Josef 'Jeff' Sipek wrote:
> On Mon, Mar 03, 2008 at 11:30:14AM +1100, Mark Goodwin wrote:
>> Maybe I'm missing something, but if we export all the feature bits,
>> both new and old, then (a) an old mkfs will continue to ignore them,
>> and (b) future versions of mkfs will have all the information needed,
>> but will need t be smart about how that information is used.
> 1) mkfs should make a filesystem, the defaults should be conservative (say
> using features that have been around >1 year)
I suppose I have to agree, unfortunately that means most competetive
benchmarks will be using sub-optimal mkfs's, but...
> 2) xfs should export supported features to userspace
> 3) if you want to make sure that the fs you create will be mountable with
> your current kernel, write a small shell script or something along those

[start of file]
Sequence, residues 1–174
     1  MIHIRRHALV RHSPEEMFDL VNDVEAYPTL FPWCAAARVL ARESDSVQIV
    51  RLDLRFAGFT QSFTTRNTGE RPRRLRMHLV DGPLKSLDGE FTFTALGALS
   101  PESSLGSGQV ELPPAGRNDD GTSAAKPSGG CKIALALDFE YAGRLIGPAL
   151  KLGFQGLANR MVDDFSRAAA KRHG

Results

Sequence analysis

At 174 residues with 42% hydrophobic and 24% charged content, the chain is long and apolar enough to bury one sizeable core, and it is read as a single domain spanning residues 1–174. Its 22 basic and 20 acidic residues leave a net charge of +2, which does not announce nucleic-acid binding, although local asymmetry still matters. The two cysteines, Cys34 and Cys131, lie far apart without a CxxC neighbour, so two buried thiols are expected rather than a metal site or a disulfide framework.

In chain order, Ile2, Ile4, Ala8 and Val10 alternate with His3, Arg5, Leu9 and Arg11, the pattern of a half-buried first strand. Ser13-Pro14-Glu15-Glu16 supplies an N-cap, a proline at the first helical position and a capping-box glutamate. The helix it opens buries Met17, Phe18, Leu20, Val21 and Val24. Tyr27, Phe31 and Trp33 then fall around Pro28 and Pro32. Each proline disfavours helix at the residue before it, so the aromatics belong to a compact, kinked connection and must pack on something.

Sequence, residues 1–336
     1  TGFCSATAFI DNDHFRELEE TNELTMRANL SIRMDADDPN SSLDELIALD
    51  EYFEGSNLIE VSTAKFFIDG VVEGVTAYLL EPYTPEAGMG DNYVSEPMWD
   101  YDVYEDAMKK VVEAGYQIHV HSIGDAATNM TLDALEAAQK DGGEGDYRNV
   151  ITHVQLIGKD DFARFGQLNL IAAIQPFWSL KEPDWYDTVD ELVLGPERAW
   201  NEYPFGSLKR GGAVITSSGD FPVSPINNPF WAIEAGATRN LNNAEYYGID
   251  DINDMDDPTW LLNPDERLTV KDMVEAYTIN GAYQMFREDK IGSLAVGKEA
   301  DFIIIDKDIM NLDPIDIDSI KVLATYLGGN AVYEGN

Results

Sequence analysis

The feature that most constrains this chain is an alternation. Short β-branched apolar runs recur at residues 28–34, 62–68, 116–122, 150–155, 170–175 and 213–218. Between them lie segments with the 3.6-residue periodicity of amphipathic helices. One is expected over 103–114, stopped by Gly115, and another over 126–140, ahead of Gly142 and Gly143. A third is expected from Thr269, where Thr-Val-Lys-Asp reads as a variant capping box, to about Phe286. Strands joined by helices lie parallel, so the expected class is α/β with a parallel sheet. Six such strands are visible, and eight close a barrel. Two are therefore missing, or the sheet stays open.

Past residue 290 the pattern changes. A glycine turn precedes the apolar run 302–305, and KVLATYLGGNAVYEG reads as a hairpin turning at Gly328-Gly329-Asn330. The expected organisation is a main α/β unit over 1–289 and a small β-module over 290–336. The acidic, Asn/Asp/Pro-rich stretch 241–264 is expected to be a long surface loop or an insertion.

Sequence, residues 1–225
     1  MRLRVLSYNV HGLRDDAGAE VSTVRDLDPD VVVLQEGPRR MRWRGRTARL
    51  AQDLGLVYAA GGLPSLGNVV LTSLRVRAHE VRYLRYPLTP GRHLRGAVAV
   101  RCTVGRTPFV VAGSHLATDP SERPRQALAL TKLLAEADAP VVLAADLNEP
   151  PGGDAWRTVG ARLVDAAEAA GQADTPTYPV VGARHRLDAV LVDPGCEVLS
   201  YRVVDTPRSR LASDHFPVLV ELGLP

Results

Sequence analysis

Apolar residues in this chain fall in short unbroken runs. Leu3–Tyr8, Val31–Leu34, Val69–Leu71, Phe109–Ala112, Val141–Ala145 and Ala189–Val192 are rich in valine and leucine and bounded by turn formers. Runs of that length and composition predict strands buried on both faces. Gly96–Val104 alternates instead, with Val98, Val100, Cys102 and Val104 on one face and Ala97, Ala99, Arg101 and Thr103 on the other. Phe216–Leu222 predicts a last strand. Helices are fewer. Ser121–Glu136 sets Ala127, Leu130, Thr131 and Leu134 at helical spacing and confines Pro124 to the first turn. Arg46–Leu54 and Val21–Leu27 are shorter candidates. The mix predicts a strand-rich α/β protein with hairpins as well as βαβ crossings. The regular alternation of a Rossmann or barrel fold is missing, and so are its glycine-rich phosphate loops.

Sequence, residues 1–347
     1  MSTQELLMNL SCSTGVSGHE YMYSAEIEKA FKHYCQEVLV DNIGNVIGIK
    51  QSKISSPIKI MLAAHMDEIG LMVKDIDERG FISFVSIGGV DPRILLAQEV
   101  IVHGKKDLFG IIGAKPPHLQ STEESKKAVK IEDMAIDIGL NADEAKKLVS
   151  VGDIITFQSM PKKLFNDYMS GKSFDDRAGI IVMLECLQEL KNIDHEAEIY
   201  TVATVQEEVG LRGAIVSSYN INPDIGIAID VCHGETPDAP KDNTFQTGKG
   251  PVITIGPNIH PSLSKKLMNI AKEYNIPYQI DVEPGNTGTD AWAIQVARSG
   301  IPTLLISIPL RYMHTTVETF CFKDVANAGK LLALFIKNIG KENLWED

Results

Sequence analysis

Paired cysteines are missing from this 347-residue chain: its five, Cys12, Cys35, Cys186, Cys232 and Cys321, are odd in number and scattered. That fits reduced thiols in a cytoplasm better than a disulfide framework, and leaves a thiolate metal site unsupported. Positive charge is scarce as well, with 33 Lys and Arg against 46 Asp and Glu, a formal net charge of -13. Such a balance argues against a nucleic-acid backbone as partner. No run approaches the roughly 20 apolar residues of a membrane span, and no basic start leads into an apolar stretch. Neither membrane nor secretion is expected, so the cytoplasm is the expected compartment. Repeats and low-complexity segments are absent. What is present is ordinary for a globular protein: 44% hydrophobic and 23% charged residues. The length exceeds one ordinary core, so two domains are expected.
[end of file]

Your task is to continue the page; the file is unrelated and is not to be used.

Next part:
> lines that reads the features from some kernel interface, and based on
> those passes the right options to mkfs
> 4) if you just use mkfs and it creates a fs that's incompatible with your
> current kernel, the mount will fail - as it does today, but perhaps a
> less cryptic error message would be in order
Ya know, good point. We already have "running kernel compatibility
checks" built in; it's called "see what happens when you mount it"
It's not like we're running mkfs.ext3 here... ;) mkfs; mount will tell
you quickly if there's a problem, won't it. Adding complexity to mkfs
might not make a lot of sense.
And I still am not a huge fan of checking the currently-running kernel;
that's just a point in time, and not necessarily what you're gonna mount
it with. (heck maybe you're mkfs'ing a san filesystem?)
it's unix, after all. hand out the hangin' rope... just make the kernel
explain exactly how & why you've just hung yourself at mount time, in